Friday, June 27, 2014
All You Have To Do Is Try
That's what I find myself telling Aiden more and more these days.
Aiden's a perfectionist. And he's also used to things being fairly easy for him, particularly in terms of school work. Until this point, learning letter-sound recognition, learning sight words, and learning to sound out other words have come fairly easy for him. Until this point, reading has been fairly easy to him. And fun for him.
But now that he's learning how to read "harder" words -- and it's not coming to him as fast as he'd like -- he's getting frustrated. Same goes with math concepts. Now that he's being encouraged to explore more difficult math concepts, he gets frustrated when he doesn't "get it" right away. Same goes with tying his shoelaces. If it doesn't come out nicely tied the first time he attempts to do it, he gets frustrated. Eventually, he ties it, but it's usually after a mini meltdown that stems from his frustration.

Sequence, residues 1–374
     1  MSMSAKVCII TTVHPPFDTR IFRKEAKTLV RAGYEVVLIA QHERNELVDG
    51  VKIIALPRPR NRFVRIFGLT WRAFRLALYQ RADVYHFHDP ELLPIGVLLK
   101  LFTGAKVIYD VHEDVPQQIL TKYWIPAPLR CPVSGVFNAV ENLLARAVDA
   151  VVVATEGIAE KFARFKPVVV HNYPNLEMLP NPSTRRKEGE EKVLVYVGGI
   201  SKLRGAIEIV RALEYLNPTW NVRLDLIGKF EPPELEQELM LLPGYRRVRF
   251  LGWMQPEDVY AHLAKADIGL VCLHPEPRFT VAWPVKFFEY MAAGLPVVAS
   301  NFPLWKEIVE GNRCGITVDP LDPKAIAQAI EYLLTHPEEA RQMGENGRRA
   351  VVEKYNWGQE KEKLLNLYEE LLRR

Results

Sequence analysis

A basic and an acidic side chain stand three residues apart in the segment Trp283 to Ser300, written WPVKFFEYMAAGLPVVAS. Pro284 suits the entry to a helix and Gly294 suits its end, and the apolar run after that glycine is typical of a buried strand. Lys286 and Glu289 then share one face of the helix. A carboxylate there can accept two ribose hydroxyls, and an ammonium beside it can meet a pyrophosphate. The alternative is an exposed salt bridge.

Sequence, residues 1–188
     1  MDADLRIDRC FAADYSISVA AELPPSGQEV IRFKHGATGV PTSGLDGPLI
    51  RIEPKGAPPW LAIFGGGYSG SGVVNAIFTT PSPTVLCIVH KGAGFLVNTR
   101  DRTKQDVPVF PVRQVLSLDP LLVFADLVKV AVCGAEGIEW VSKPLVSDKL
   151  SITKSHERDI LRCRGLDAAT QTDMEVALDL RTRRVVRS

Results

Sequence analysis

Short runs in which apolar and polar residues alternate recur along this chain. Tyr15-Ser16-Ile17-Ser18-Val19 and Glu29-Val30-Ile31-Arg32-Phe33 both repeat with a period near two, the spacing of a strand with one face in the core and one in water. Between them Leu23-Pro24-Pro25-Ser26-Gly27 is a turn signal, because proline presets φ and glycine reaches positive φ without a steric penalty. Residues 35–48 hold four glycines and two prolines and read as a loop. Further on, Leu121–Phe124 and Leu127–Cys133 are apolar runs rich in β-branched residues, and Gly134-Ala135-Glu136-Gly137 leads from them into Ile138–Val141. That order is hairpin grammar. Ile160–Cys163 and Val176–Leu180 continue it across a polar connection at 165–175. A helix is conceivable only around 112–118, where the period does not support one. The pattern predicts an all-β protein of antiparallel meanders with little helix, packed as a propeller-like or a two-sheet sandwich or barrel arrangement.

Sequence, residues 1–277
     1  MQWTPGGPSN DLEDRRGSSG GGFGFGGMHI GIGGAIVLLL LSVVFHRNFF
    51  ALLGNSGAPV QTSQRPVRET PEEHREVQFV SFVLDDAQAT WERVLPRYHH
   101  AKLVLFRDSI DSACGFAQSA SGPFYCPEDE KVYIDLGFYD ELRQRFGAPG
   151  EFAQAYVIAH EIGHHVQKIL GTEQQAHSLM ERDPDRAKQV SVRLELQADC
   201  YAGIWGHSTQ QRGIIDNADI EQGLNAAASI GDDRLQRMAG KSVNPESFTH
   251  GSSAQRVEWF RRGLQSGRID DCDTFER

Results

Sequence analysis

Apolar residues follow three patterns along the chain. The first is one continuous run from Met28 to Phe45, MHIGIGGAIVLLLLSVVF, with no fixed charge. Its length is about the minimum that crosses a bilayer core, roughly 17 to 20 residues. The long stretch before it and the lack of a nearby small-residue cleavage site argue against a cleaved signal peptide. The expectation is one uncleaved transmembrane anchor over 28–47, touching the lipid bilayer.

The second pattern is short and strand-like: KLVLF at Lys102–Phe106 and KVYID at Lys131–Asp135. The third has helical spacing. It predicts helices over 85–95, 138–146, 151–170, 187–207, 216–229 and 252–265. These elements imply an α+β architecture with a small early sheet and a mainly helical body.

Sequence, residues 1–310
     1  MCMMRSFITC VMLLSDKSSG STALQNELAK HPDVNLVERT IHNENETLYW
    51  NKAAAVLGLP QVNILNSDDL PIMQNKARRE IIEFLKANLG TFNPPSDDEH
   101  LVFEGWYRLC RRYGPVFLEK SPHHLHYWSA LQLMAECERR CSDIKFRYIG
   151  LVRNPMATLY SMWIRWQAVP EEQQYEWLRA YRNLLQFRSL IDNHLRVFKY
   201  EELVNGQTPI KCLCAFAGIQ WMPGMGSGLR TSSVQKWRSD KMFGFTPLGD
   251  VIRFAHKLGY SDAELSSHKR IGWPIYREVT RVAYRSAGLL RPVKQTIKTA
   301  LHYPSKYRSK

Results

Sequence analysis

Here's the thing: I'm okay with Aiden being frustrated over things. It's a good life lesson, because sometimes things aren't going to come as easily as we would like them to come... but we gotta keep going in order to get the outcome that we want. (Granted, I may have to check myself and check my own level of frustration when things get like that, but the end result -- and the celebration -- is totally worth it. To me anyway.)
And check this: I'm less concerned with Aiden reading harder words right now or understanding more difficult math concepts. Or tying his shoelaces perfectly. He'll learn them eventually, in due time, and at his own pace. But, what I am concerned with is him staying in the trenches, trying and failing and then trying some more. Learning how to do his best. Recognizing when he's not doing his best. Learning how to do his best even when he doesn't like something. Or doesn't want to do something. Being persistent and resilient and showing perseverance. Having grit.
Because, in this world, nothing will take the place of persistence. And teaching Aiden this life lesson doesn't start when he's an adult and gets a rejection letter from, say, a job that he applies for. It starts now. At age six. With the "smaller" things in life.
I've made many mistakes in my life, but one thing I've learned for sure is to be persistent and resilient. And, if I don't teach Aiden anything else, I'll teach him the importance of those two things.